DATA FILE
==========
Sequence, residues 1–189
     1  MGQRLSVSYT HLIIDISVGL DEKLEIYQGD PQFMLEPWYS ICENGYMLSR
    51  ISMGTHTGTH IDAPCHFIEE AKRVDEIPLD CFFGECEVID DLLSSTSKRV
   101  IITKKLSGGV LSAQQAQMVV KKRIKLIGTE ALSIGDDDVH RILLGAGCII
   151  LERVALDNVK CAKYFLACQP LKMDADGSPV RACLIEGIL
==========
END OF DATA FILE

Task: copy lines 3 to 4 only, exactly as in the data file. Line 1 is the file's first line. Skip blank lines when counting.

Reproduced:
    51  ISMGTHTGTH IDAPCHFIEE AKRVDEIPLD CFFGECEVID DLLSSTSKRV
   101  IITKKLSGGV LSAQQAQMVV KKRIKLIGTE ALSIGDDDVH RILLGAGCII